Several months before Bruno first met Shmuel, Bruno remembers the day that Father received a new uniform, along with the title “Commandant.” Father came home one night very excited, and announced to the family that they were to cancel any plans for the upcoming Thursday evening. Mother replies that she has tickets to the theatre, but Father interrupts her to say that “the Fury” has invited himself over for dinner to discuss something with Father. Father tells Bruno he is pronouncing “the Fury” incorrectly, but fails to instruct him on the proper way to say it. Gretel tells Bruno that the Fury runs the country. Father speculates that the Fury will bring “her” with him to dinner. Mother begins to plan all of the things she will have to prepare and clean before dinner on Thursday night.
Bruno now recalls a time back in Berlin before he moved to Auschwitz, when the whole household flew into frenzy over a dinner that Hitler was to attend. The “her” that Mother speculates will come along is Eva Braun, Hitler’s long-time girlfriend. Bruno continues to mispronounce “the Führer,” or leader (as Hitler was called), as “the Fury”—again remaining almost impossibly ignorant, as he sure hears the word properly pronounced dozens of times a day.
An hour before the Fury is scheduled to arrive, Gretel and Bruno are summoned to Father’s office, one of the rare occasions they are allowed inside. The children are both wearing their nicest clothing, even though they are not to be present at the dinner. Father lays down ground rules for the evening: when the Fury arrives, they are to be quiet and only reply to him in a clear voice if he speaks to them first. Second, if the Fury ignores them, they are to look directly ahead and treat him with “the respect and courtesy that such a great leader deserves.” Third, when Father and Mother are at the dinner table, the children are to remain in their rooms quietly. Bruno is explicitly not allowed to slide down the bannister.
Hitler was idealized and almost deified in Nazi Germany, so a personal visit would have been a huge honor for a Nazi officer like Father, and Father is justifiably nervous about making everything seem perfect. This includes laying down stricter than usual ground rules for the children. These will prove the family’s discipline, and show that everyone conforms to their traditional roles—Mother as the cook and hostess, Father as the leader and breadwinner, and Bruno and Gretel as well-behaved children who are to be seen but not heard.
Forty-five minutes later, the doorbell rings and everyone takes their places. A small man and a taller woman appear in the doorway, and Father salutes them while Maria takes their coats. Bruno observes that the Fury is “far shorter” than Father, and has short dark hair and a tiny moustache. He finds the woman to be “the most beautiful woman he had ever seen in his life,” with blonde hair and red lips. Bruno is shocked that the Fury would be so rude as to go sit in Father’s place at the head of the table. Flustered, Mother and Father follow the man to the table, while the woman stays and chats with the women and children for a moment until the Fury yells “Eva,” and clicks his fingers to summon her. The woman “rolls her eyes” and goes to the table, but not before telling Bruno that he should tell his mother that his shoes are too tight.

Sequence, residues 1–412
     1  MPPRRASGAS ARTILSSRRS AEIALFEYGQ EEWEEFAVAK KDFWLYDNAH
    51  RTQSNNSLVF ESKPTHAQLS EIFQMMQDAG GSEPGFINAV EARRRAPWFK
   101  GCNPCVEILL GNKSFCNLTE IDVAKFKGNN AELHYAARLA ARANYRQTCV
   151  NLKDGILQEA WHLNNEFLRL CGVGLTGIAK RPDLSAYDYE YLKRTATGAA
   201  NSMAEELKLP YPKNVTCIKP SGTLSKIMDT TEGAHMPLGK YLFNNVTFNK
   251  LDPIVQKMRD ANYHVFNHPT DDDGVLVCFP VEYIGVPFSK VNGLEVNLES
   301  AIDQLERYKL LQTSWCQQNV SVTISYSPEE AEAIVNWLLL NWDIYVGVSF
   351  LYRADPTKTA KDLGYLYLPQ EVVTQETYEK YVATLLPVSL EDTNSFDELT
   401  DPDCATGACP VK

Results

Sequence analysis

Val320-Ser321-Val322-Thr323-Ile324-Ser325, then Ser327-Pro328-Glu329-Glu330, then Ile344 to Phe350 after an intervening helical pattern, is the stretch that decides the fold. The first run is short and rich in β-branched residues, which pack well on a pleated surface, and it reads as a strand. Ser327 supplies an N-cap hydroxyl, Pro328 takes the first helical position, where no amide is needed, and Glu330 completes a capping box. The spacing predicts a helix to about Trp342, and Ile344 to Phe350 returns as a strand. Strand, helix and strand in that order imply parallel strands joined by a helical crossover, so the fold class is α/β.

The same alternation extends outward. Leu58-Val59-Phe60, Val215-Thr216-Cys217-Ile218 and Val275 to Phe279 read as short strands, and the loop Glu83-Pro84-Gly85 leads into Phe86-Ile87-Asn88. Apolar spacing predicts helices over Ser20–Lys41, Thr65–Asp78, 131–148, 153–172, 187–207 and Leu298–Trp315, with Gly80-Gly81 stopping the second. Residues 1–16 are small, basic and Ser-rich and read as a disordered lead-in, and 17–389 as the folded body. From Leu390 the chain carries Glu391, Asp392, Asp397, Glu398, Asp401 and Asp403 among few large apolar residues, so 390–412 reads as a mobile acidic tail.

Boyne again implies that Bruno has a natural goodness in him, as he takes an immediate dislike to Hitler. Eva Braun, on the other hand, is portrayed as a kind woman, who just laughs it off when Hitler snaps his fingers and calls her like a dog. Eva Braun’s relationship with Hitler was in reality a well-kept secret—Hitler liked to seem chaste and single—so this scene, too, is unlikely. Hitler takes Father’s place at the table, as he was seen as the ultimate “patriarch”—the father and protector of the whole country.
The Fury and Eva stay at the dinner table for the better part of two hours, and Gretel and Bruno are not invited to come say goodbye when they depart. From outside his window, Bruno can see that the Fury has a chauffeur. While the Fury climbs into the car and begins to read a newspaper, Eva thanks Mother for a lovely evening. Bruno thinks about what a horrible man the Fury is. Later that night, Bruno eavesdrops on Mother and Father’s conversation in Father’s office. From snippets, he can hear Mother saying that she does not want to leave Berlin for “a place like…” and Father saying that “that’s an end to the matter…” Mother leaves Father’s office, and Bruno falls asleep. A few days later, Bruno comes home to find Maria packing his things—where the story begins.
It is at this dinner that Hitler proposes to Father that he accept a role as Commandant and take over the direction at Auschwitz. Though Bruno cannot make out all of the words in Mother and Father’s conversation, it is clear that they are fighting over the prospect of moving to Auschwitz, a debate that Father clearly wins, as it is a few days after this dinner that Bruno comes home to find Maria packing his things. As the “man of the house,” Father has the final say in any important decisions, and Mother ultimately has to go along with him.